A Grade II listed timber railway viaduct, Barmouth Bridge spans over the Afon Mawddach estuary in Wales. At over 150 years old, Barmouth Bridge is one of the oldest viaducts of its type still in regular use, carrying trains and pedestrians over the 860-metre distance.
Given both its age and continued exposure to the coastal elements, the bridge was sadly in poor condition, with decay and corrosion having affected many of its timber and metal components. As a result, Network Rail announced a major programme of upgrade and restoration works, which will see the viaduct completely restored in a manner sensitive to both its industrial heritage and listed status, with components to be replaced on a ‘like for like’ basis.
As part of the restoration works, 24 of the viaduct’s crossheads were to be replaced, having become severely corroded. Led by civil engineering contractor Alun Griffiths, the project required the bridge to be lifted off of its piers, enabling the damaged crossheads to be individually removed and replaced.
With a substantial scheme of temporary works required to facilitate the bridge lift, Mabey Hire was appointed to design, supply and install the temporary jacking system. The bespoke system featured an innovative bridge lifting technique, previously pioneered on a similar timber viaduct in Gwynedd, Wales.
Colin Campbell, Senior Engineer at Mabey Hire, explained further: “When working on live infrastructure, such as the country’s rail network, keeping disruption to a minimum and ensuring works are carried out as quickly as possible is essential. Initially developed with Alun Griffiths, Cass Hayward and Network Rail IP Engineering in 2019, our innovative system involves a combination of proprietary steel supports and jacks, which are built remotely and then transported into position.
“Once on site, this approach enables work to be carried out on crossheads and support piers without having to strip the track and deck structures, allowing for a safer and more efficient process. There is also the potential for further time savings, as the whole jacking system can be simply moved along the track to the next pier, as opposed to having to dismantle and re-install.”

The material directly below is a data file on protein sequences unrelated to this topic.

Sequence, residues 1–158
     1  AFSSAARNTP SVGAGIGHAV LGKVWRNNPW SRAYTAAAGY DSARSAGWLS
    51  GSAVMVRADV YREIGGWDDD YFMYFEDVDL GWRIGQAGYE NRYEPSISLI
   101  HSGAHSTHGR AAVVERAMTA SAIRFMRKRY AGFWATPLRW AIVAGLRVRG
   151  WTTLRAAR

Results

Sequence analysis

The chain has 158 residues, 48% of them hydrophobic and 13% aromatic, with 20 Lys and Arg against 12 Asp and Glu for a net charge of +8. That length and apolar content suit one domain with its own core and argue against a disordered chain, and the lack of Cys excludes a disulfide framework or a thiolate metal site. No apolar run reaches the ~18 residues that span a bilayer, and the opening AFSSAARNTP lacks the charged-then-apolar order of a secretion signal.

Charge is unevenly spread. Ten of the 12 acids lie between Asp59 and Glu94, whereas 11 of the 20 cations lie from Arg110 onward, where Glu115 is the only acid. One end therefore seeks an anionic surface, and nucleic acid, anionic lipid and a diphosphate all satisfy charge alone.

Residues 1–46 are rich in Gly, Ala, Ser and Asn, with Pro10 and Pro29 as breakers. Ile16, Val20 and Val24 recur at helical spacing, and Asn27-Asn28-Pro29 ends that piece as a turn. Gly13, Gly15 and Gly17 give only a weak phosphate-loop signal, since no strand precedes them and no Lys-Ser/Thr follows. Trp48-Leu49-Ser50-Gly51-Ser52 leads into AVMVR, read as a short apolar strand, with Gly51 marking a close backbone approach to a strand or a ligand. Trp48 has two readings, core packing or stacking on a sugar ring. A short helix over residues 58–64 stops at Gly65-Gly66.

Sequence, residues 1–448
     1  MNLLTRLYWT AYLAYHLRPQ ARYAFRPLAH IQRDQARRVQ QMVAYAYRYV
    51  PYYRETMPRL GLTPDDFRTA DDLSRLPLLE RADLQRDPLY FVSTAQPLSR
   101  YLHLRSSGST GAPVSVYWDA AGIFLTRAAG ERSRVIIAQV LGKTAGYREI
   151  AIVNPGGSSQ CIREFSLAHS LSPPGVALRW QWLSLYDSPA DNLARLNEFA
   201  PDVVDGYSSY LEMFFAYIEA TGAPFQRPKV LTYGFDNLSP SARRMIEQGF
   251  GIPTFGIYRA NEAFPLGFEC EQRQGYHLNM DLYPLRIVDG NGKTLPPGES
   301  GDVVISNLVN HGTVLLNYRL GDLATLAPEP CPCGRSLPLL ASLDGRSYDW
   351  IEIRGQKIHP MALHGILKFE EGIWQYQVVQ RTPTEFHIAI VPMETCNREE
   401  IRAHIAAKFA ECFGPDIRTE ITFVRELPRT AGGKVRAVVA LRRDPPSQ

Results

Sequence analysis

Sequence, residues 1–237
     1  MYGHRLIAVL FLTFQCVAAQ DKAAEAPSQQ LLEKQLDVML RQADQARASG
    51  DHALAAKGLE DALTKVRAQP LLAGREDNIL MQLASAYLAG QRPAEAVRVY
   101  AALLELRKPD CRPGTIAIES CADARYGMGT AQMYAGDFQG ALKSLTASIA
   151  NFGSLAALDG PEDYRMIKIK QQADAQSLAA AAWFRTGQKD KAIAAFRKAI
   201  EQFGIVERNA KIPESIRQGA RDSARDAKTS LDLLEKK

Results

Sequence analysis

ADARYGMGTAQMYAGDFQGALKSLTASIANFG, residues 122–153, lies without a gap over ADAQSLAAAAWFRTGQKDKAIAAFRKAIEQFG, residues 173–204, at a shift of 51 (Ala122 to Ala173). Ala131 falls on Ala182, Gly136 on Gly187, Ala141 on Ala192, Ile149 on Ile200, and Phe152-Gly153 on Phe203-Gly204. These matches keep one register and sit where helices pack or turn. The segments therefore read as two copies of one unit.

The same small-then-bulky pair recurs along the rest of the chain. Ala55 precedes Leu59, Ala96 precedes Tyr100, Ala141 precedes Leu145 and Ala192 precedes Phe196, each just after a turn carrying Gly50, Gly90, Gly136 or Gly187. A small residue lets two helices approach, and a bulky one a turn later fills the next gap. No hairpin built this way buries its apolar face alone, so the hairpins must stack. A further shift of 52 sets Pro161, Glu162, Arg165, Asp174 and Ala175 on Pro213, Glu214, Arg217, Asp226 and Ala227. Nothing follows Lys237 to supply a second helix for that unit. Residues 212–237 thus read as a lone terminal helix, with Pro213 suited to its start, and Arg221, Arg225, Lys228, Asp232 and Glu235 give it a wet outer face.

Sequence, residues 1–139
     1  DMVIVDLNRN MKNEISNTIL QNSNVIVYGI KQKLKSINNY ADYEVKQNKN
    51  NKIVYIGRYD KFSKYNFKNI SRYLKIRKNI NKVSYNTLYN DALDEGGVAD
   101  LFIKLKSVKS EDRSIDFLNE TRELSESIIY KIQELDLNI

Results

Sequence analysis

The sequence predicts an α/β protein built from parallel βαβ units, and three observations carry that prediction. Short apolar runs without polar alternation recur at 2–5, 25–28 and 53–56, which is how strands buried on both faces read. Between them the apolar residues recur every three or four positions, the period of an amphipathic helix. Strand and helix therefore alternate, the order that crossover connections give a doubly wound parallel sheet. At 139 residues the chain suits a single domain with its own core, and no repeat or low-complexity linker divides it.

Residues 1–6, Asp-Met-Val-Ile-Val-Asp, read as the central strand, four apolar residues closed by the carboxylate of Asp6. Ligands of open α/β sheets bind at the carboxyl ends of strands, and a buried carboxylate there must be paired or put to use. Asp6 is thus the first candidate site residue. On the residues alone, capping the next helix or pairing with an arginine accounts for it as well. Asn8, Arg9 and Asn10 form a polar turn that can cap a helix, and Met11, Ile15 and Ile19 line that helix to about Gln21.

As Barmouth Bridge featured a pedestrian bridge parallel to the rail tracks, Mabey Hire had to design the lifting frame with a bespoke cantilevered edge, in order to allow for this site constraint. Hangar bars were then dropped through each bridge span with the bridge jacked from the top side, lifting the structure off the piers below and supported underneath. This technique enabled all the main lifting work to be carried out on the top side of the bridge - especially valuable considering that the tidal estuary and lack of a foundation meant access to the underneath of the bridge was difficult.
Colin continued: “An additional challenge on the project was the time constraints, with the work taking place during an 18-day closure of the railway. Given this tight window, the decision was made to supply two of our bespoke jacking systems. With our team of steel erectors on site 24/7 to ensure the lifts went smoothly and each jacking system operating from either end of the bridge, before meeting in the middle, we were able to complete the works at a far faster rate.”
Steve Richardson, Engineering Manager at Alun Griffiths, concluded: “The system worked well, with the crossheads being replaced in 12-14 hours without requiring removal of the track and walkway. Also, the full scale testing carried out by Mabey Hire assisted enormously.”
Mabey Hire’s jacking system remained on site for 18 days, while Alun Griffiths carried out the necessary repair and replacement works on the bridge’s crossheads. The restoration programme continues on the Welsh bridge, with work expected to be completed in 2022.
This article was paid for by Mabey Hire